IIT Humanities Department Chats with Carly Kocurek, Assistant Professor of Digital Humanities and Media Studies
What long–lasting effect do you hope students gain from your digital humanities class?
Humanities disciplines in general, do an excellent job of training students to approach texts and topics with a mix of curiosity and skepticism, and to explore new texts with confidence; I want to encourage students to apply that same kind of approach to the tools used for humanities work.
Is there a period of history in which you would rather have been born?
While there are moments in history I would love to have seen—long–past punk and New Wave shows, moments of discovery, and bizarre public spectacles—I have a hard time imagining living in another era. If I had to pick somewhere, I might pick an imagined future where we've actually managed to ensure equal civil rights and civil liberties at a national level; that would be an amazing thing to see.
Why did you become a teacher?
My favorite people growing up were a mix of English teachers and librarians, so it's probably not too surprising I wound up on a related path. It's exciting to help provide people with intellectual practices that they'll be able to use for the rest of their lives.
Is there anything unexpected about Chicago you've discovered since moving here?
Having moved from Texas, I was absolutely delighted to find a respectable barbecue joint just blocks from my house.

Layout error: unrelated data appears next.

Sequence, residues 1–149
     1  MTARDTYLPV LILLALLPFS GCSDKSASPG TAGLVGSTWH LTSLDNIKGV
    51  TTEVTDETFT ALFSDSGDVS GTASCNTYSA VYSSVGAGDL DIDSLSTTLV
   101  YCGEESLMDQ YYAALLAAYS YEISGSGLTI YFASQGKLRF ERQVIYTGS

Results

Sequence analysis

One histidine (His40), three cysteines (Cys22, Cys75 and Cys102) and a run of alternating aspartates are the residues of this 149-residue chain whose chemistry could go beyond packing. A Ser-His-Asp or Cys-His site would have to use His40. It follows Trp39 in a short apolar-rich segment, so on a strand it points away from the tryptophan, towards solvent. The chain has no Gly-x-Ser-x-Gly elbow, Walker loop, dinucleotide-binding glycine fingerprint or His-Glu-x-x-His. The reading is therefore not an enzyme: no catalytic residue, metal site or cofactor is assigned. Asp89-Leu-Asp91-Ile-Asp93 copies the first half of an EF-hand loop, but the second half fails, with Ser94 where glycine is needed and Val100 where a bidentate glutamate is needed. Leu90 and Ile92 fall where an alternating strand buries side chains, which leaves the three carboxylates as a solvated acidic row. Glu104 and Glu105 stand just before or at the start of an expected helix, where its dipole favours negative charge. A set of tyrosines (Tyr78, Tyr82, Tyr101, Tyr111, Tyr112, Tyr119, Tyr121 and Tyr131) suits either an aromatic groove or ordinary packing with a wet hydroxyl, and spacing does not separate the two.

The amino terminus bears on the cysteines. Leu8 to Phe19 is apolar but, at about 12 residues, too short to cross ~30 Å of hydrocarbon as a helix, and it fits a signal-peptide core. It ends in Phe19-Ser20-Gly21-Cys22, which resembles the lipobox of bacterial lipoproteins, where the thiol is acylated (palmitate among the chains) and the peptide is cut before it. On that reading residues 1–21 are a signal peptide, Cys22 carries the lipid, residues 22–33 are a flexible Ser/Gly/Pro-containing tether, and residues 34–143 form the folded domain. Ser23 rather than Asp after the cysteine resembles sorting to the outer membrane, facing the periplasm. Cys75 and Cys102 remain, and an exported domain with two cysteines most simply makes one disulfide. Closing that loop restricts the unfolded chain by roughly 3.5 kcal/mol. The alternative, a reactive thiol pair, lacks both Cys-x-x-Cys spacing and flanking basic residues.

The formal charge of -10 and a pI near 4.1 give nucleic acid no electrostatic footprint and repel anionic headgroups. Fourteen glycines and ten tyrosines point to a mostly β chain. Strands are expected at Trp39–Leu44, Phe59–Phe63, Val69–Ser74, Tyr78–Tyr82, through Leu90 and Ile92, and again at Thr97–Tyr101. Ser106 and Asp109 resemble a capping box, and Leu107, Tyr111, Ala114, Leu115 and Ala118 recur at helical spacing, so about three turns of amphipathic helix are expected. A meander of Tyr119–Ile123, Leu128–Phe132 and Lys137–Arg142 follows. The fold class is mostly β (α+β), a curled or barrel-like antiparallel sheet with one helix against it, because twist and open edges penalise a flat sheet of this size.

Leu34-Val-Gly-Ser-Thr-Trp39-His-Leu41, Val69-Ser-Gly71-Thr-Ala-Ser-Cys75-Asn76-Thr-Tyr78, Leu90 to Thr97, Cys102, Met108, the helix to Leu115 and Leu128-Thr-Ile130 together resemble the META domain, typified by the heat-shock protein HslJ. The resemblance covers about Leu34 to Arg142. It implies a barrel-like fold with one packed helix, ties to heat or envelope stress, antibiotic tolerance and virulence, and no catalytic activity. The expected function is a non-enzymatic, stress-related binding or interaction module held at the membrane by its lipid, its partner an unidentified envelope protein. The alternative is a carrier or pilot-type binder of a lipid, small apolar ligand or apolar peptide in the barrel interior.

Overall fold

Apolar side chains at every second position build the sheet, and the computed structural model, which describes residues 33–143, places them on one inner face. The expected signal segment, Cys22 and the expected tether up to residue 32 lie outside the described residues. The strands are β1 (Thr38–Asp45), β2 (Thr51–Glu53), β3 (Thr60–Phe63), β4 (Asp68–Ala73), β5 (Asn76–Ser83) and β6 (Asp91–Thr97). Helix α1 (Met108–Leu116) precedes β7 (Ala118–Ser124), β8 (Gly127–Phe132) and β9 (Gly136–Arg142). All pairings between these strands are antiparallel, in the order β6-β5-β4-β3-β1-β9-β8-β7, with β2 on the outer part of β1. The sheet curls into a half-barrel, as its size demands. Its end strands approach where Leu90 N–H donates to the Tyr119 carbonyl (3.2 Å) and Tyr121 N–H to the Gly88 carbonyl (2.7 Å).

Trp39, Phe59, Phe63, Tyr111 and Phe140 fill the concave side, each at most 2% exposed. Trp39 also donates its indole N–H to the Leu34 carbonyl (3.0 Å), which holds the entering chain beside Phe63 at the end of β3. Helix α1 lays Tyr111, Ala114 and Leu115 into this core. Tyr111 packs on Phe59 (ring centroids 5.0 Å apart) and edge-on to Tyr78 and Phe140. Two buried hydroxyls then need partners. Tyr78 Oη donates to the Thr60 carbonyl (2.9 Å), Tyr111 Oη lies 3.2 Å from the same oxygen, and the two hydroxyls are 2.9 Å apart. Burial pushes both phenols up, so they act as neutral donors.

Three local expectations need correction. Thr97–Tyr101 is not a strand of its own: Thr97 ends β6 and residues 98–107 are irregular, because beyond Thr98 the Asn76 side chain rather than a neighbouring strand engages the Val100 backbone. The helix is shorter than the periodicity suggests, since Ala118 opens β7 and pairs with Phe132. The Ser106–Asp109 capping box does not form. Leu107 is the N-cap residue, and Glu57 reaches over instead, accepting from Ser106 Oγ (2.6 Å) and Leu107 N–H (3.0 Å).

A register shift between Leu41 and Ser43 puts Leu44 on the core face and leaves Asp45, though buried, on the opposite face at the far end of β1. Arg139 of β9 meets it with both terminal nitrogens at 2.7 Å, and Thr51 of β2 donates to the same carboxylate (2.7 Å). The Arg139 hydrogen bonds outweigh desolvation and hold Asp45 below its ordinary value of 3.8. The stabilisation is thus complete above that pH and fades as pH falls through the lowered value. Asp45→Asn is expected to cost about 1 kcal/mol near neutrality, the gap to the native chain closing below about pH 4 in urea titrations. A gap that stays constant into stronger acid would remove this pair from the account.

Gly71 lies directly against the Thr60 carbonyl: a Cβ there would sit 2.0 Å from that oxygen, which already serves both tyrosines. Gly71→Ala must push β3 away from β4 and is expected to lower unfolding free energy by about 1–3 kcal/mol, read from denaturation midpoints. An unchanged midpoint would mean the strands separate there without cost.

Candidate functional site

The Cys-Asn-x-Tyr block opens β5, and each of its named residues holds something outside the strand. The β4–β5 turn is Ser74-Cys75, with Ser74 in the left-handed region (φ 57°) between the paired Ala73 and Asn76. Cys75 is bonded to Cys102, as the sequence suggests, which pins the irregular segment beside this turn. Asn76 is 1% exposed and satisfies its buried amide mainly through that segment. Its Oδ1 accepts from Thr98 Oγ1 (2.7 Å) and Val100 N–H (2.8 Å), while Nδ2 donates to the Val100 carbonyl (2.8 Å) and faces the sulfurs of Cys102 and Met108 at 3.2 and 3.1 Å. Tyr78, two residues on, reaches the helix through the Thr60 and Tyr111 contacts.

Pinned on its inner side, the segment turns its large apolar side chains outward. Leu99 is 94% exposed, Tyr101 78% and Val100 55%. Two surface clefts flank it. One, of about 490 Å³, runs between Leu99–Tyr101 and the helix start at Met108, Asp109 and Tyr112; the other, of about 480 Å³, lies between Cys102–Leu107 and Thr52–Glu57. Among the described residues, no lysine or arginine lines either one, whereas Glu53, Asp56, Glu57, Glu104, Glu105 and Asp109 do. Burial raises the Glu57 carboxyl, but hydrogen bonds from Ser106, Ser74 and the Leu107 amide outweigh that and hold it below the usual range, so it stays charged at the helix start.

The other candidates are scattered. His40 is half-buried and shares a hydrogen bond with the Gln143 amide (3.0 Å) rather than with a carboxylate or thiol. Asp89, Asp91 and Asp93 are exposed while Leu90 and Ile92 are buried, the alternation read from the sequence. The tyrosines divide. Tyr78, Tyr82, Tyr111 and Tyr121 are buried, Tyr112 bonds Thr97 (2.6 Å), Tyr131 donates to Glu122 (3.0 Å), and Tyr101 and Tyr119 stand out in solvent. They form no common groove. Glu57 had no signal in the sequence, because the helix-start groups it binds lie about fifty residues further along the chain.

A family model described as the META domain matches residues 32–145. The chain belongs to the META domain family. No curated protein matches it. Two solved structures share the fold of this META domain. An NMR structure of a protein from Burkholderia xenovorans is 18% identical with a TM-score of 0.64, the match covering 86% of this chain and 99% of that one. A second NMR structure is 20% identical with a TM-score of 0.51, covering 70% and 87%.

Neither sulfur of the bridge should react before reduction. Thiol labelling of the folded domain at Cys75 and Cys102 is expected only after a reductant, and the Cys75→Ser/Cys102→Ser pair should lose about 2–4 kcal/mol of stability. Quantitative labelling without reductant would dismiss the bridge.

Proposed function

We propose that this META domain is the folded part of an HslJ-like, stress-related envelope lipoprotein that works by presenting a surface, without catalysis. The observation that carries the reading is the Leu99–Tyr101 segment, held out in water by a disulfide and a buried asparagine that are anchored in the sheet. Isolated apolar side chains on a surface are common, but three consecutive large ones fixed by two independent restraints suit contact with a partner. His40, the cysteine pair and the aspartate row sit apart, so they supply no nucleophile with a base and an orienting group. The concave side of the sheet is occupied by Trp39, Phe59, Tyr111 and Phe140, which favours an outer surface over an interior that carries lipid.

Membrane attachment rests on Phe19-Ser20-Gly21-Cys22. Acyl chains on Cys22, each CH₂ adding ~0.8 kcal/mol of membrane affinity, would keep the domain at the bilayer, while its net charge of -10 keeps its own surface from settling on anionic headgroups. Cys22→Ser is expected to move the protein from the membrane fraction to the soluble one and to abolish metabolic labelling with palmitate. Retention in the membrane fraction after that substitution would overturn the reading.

What current project and/or research are you working on?
Despite my grounding in digital humanities and media studies, my methodology relies heavily on the same kinds of methods historians have been using for generations. Currently, I'm in the early stages of a project on the history of —feelies,— which are physical objects like cloth maps packaged with computer games, and I'm continuing the work on my book manuscript, which is on the development of gamer identity in the video arcade era. I'm looking forward to spending some more time at the Library of Congress soon. The trade journals there have proven invaluable. They're wonderful resources, but I'm not looking forward to the multi–page paper cuts I tend to get from bound volumes.
Did the iguana's cage ever show up?!
The iguana's cage finally made it to Chicago about three weeks after the rest of the household did. Tweedy, the iguana, is now comfortably settled into his own corner of the basement, and much happier for it. We let him wander the house sometimes, but the cage is really his personal space, and he was pretty anxious in its absence.